Activist Released After 9 Hours of Police Confinement

Ekachai Hongkangwan in an undated photo. Photo: Ekachai Hongkangwan

BANGKOK — A political activist who had intended to submit a controversial petition to the government said he was released Tuesday after being taken away by four policemen and pressured by a soldier for nine hours.

Ekachai Hongkangwan said a captain acting on behalf of the military junta, succeeded in convincing him not to proceed to the Government House to submit a petition letter asking for the reinstatement of June 24 as national day.

After nine hours confined, mostly at Bang Kapi District Office – where the junta’s soldiers have operated an ad hoc office since the 2014 coup – Ekachai said on the phone that he submitted the letter at the district office instead of heading to the Government House, agreeing to “a request” by army Capt. Cholapat Pheungphai, 28, a junta officer in charge of anti-junta activities in the district.

Ekachai said he was arrested by four police officers at about 5am on Tuesday and dragged away as he was leaving his residence in Lad Phrao for the Government House. He said he was then taken to Lat Phrao police station and retained from 6am through 2.30pm inside a meeting room at Bang Kapi District Office.


“My rights have been violated but I feel rather indifferent because it’s been many times now. I tried to explain [to the soldier] that [the junta] should not be foolish,” said Ekachai.

Ekachai, 42 – a former lese majeste convict who spent two years in prison – said the soldier pleaded he relent, saying he needed something to show his junta boss. Although the room wasn’t locked, Ekachai said a police officer had been assigned to guard the room and keep an eye on him the entire time. He said that while Cholapat kept persuading him, a police officer threatened to take him to the 11th Army Circle for detention.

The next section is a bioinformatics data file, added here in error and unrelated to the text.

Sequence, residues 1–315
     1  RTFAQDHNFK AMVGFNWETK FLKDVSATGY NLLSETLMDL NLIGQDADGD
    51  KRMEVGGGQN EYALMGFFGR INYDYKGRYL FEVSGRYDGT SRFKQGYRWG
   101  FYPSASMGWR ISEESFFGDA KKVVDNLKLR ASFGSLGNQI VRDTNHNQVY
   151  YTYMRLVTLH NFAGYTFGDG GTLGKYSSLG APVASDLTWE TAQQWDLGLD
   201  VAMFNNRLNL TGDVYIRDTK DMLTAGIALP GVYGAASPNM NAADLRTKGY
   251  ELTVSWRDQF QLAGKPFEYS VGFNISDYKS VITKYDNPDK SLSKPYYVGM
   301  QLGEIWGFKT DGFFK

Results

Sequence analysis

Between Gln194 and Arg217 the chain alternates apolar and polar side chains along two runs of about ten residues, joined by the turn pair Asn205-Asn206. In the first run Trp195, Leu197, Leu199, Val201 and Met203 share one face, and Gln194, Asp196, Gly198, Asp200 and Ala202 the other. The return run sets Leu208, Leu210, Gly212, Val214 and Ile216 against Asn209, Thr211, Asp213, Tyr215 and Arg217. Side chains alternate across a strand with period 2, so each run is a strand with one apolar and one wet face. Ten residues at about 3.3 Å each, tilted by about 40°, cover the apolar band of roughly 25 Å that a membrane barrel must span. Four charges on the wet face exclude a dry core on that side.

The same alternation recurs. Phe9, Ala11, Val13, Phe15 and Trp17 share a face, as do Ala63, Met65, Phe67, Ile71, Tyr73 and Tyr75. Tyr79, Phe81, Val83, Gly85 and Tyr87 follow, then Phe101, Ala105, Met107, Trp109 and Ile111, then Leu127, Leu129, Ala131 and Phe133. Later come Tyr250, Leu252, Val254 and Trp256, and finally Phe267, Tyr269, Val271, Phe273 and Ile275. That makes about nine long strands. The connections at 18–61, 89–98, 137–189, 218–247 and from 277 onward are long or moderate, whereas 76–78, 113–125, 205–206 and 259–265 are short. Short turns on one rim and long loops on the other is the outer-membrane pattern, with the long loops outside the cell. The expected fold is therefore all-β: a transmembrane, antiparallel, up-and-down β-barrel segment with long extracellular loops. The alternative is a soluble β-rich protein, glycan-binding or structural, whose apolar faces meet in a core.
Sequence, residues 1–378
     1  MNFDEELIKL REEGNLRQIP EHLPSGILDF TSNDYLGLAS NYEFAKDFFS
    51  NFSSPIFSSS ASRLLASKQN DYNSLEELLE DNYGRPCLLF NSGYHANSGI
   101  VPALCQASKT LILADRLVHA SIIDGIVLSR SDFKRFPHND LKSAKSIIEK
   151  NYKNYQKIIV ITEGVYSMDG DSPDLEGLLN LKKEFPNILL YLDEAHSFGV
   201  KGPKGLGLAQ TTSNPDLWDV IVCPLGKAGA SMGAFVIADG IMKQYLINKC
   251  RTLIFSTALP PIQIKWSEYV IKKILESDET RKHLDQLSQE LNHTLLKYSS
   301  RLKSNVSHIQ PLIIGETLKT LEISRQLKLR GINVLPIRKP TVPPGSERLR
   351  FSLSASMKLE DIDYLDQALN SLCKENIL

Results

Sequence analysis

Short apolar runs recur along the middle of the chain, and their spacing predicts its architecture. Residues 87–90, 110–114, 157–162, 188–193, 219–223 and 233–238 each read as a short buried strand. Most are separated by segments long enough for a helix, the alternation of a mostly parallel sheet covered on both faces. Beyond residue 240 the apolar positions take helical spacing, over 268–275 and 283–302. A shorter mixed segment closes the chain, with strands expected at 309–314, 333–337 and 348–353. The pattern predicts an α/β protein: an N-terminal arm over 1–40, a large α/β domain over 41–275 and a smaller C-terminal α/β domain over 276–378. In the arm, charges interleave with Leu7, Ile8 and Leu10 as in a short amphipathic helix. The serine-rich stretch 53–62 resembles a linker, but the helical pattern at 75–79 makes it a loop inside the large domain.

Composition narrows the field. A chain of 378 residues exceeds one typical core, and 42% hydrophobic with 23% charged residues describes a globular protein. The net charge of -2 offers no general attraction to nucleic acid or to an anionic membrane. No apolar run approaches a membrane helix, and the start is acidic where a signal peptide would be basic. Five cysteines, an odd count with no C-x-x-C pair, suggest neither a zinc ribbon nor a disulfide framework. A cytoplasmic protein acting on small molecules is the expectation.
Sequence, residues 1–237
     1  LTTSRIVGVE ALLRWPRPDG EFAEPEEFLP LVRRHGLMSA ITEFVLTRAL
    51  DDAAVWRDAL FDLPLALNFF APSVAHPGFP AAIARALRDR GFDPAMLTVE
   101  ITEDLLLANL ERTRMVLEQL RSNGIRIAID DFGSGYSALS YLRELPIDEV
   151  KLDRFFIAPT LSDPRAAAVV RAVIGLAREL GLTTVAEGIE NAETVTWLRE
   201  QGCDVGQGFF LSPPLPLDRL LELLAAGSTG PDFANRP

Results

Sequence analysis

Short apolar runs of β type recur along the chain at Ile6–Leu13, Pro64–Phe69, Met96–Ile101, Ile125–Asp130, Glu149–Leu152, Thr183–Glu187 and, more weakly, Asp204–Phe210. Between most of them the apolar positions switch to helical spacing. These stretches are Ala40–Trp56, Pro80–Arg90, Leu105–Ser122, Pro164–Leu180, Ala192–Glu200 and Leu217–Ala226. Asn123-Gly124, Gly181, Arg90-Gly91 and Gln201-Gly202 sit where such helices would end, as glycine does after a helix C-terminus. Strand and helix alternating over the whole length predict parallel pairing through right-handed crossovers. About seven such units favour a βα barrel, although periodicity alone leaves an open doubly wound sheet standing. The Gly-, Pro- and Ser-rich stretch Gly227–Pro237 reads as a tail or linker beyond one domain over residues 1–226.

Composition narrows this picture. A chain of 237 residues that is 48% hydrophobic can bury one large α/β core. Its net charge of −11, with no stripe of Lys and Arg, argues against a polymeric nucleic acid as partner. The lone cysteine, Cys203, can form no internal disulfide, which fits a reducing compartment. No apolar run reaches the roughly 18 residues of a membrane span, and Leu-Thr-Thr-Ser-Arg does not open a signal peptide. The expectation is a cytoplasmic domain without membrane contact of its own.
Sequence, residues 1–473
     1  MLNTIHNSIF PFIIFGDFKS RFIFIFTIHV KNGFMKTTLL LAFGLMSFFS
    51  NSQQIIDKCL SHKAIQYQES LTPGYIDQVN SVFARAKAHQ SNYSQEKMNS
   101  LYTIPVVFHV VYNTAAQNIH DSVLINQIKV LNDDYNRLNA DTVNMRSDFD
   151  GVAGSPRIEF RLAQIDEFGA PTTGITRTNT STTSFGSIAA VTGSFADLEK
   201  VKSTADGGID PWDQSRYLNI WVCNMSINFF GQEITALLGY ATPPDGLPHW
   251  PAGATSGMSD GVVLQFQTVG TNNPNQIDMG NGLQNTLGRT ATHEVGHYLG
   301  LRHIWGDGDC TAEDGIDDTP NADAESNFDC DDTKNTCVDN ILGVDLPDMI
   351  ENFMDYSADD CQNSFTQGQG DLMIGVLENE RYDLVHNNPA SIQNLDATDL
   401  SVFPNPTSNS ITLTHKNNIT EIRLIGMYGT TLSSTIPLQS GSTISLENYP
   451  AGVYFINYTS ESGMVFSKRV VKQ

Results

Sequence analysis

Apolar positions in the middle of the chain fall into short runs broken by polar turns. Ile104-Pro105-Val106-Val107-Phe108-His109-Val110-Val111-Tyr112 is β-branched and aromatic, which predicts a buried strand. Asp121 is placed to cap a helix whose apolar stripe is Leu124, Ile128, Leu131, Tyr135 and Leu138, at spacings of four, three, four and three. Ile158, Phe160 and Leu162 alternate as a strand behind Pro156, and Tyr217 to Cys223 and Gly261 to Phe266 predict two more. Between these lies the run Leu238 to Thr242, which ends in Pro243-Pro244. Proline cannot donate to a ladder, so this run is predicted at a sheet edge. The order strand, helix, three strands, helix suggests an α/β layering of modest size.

“[The police] was probably just making a threat. Cholapat said it saves time to just submit the petition letter here,” said Ekachai, adding that his phone was taken away during the nine-hour ordeal and that he was unable to contact his lawyer or friends. “[Cholapat] pleaded to me to concede otherwise he would have had nothing to show his commander.”

Ekachai said he told Cholapat before his release that this wouldn’t be the end of his attempts.


When Cholapat was contacted on the phone Tuesday, the captain said everything went “okay” with Ekachai but added he was not authorized to speak to the media. “I must truly apologize,” said Cholapat.

Ekachai described his ordeal as a testament to the lack of freedom under military rule.

“They say they will give us freedom but the actions are the opposite of the claims,” said Ekachai, who added that a district official gave him invoice Number 136/2017 as proof that they had received his petition letter and would forward it to relevant authorities.